The objective of this study is to determine if the administration of platelets will improve outcome in patients with ICH who are being treated with either aspirin, a thienopyridine (ticlodipine, clopidogrel, prasugrel) or a combination of both. The study has four specific aims:

  1. To determine what affect platelet administration will have on bleeding in the brain.
  2. To determine what affect platelet administration will have on brain function. Several assessments to test the functioning of the brain will be performed at enrollment and throughout the study. Comparing the results of these assessments between the experimental and control groups should allow us to determine if platelet administration improves outcomes in patients with bleeding in the brain exposed to antiplatelet therapy.
  3. An important risk of reversing antiplatelet therapy is exposing the patient to the very complications this therapy was designed to prevent. Therefore, tracking complications will be a very important part of this study. The investigators will compare the rates of death, heart attack, stroke and clots in the veins between groups.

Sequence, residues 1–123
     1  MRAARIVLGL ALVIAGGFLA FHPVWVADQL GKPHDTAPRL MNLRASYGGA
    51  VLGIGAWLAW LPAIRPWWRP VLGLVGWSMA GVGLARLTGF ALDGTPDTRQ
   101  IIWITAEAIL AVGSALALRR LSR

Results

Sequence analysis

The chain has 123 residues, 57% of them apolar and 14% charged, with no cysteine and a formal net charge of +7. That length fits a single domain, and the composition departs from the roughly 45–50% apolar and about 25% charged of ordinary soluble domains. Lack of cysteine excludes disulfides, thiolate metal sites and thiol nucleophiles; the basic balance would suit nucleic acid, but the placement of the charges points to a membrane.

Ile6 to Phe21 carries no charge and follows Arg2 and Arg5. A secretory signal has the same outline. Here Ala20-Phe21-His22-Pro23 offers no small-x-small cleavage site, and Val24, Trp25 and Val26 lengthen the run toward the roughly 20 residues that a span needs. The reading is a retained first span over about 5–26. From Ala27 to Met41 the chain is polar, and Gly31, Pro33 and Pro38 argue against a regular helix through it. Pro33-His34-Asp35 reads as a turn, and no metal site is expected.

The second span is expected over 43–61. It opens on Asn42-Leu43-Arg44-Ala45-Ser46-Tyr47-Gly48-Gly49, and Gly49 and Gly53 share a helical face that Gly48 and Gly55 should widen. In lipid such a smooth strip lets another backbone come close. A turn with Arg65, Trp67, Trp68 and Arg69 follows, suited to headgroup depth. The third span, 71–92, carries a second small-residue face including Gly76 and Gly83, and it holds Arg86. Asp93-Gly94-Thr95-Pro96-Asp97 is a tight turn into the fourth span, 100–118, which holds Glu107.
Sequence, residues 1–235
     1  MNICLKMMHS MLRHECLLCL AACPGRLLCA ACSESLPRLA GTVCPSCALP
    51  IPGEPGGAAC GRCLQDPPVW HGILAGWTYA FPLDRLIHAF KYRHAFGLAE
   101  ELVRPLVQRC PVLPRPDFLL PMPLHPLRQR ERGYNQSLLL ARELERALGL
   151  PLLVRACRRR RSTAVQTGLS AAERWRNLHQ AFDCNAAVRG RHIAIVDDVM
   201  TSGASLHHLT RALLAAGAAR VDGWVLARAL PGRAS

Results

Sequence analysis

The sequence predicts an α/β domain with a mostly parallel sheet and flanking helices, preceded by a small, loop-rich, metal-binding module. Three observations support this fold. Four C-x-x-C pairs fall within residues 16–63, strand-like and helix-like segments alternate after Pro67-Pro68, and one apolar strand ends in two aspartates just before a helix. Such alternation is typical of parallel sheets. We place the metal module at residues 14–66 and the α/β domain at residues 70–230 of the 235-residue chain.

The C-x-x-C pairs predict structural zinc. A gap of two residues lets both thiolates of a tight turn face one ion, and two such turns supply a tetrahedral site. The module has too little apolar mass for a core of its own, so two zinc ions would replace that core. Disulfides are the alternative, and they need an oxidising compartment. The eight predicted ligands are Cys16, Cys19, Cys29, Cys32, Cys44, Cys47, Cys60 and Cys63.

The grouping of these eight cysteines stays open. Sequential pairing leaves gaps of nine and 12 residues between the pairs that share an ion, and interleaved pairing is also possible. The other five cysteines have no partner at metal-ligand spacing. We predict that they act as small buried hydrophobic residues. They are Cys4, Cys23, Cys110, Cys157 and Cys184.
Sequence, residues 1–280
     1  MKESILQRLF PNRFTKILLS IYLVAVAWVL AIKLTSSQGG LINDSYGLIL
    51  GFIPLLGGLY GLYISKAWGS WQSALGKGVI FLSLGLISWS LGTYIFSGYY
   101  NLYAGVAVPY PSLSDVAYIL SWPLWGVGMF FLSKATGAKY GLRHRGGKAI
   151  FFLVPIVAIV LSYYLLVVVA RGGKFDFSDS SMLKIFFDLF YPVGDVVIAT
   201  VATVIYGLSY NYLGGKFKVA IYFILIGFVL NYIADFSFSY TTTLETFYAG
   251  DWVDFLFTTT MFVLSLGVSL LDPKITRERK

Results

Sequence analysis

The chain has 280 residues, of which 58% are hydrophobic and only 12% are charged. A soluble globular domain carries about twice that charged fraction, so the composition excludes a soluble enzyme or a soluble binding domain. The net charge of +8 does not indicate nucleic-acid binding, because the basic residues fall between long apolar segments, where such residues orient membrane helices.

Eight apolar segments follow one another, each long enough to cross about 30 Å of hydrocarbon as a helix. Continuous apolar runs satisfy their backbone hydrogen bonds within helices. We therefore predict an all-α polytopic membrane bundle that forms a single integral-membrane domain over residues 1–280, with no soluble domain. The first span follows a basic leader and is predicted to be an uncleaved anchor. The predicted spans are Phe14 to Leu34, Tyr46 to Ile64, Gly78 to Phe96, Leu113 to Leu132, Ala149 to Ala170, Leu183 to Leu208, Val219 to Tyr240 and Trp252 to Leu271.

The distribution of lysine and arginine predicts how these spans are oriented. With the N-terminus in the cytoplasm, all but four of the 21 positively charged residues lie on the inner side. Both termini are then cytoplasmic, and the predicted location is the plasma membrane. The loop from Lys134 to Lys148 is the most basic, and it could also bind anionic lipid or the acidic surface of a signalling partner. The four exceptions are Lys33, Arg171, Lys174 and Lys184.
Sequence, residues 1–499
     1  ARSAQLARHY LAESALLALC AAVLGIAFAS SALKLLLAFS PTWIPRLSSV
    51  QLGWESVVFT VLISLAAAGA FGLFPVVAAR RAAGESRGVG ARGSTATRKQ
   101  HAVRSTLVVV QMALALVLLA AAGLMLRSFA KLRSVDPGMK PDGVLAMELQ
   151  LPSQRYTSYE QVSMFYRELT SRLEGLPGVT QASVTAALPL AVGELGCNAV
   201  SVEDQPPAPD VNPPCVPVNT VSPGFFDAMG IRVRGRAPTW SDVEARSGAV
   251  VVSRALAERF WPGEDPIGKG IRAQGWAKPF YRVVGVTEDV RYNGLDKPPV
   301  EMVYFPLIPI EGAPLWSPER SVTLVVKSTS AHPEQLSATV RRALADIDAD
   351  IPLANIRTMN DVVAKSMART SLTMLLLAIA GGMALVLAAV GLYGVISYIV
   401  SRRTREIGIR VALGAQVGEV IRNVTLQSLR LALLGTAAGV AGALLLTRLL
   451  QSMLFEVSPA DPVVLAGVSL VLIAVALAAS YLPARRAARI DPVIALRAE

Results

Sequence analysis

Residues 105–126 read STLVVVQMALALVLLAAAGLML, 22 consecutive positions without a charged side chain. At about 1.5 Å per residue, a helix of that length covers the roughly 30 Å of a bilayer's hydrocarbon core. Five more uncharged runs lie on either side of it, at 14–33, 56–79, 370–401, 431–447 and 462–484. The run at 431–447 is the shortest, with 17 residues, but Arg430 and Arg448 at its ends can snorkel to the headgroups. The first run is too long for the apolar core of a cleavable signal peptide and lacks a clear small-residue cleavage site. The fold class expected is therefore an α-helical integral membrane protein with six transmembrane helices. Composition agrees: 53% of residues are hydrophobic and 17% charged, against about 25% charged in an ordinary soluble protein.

4. Some patients (10-40%) have limited responsiveness to antiplatelet therapy. While platelet responsiveness, as measured by a special platelet blood test, will not affect enrollment, the investigators feel it will be important to measure.

Intracranial hemorrhage (ICH), or bleeding in the brain, is the major cause of death in trauma patients. The initial volume and early growth of the hematoma are critical determinants of mortality and functional outcome. As our population ages, a significant and growing number of patients present with ICH while on antiplatelet therapy. Bleeding is a well known complication of this therapy. It is likely that patients with ICH who are exposed to antiplatelet therapy would have an increased risk of hemorrhage growth and poor outcome compared to patients that are not using antiplatelet therapy. There are no pharmacologic agents that can reverse the antithrombotic effect of aspirin or the thienopyridines. There is a paucity of published data, one small phase one trial and two retrospective studies that address the use of platelets as a means to reverse the effects of antiplatelet therapy in patients suffering ICH. In addition, transfusion of platelets may be associated with transfusion reactions, such as infection and fluid overload. Furthermore, these patients are then exposed to the very thromboembolic complications the antiplatelet therapy was designed to prevent.